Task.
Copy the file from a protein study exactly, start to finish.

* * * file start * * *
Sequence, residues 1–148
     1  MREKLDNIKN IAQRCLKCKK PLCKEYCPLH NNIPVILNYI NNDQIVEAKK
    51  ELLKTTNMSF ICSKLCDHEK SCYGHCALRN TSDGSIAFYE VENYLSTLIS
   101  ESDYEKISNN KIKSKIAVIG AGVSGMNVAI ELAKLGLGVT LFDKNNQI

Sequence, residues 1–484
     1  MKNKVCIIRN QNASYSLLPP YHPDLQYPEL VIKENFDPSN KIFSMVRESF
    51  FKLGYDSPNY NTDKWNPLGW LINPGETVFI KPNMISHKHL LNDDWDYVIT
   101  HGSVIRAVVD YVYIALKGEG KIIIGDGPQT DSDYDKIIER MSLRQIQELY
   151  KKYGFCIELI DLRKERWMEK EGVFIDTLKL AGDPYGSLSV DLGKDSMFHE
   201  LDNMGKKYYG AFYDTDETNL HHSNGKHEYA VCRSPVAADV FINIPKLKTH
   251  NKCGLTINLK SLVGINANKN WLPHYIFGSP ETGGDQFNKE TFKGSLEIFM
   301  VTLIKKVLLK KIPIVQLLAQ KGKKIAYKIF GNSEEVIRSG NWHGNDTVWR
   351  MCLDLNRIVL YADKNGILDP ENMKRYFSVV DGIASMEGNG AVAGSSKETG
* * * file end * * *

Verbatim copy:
Sequence, residues 1–148
     1  MREKLDNIKN IAQRCLKCKK PLCKEYCPLH NNIPVILNYI NNDQIVEAKK
    51  ELLKTTNMSF ICSKLCDHEK SCYGHCALRN TSDGSIAFYE VENYLSTLIS
   101  ESDYEKISNN KIKSKIAVIG AGVSGMNVAI ELAKLGLGVT LFDKNNQI

Sequence, residues 1–484
     1  MKNKVCIIRN QNASYSLLPP YHPDLQYPEL VIKENFDPSN KIFSMVRESF
    51  FKLGYDSPNY NTDKWNPLGW LINPGETVFI KPNMISHKHL LNDDWDYVIT
   101  HGSVIRAVVD YVYIALKGEG KIIIGDGPQT DSDYDKIIER MSLRQIQELY
   151  KKYGFCIELI DLRKERWMEK EGVFIDTLKL AGDPYGSLSV DLGKDSMFHE
   201  LDNMGKKYYG AFYDTDETNL HHSNGKHEYA VCRSPVAADV FINIPKLKTH
   251  NKCGLTINLK SLVGINANKN WLPHYIFGSP ETGGDQFNKE TFKGSLEIFM
   301  VTLIKKVLLK KIPIVQLLAQ KGKKIAYKIF GNSEEVIRSG NWHGNDTVWR
   351  MCLDLNRIVL YADKNGILDP ENMKRYFSVV DGIASMEGNG AVAGSSKETG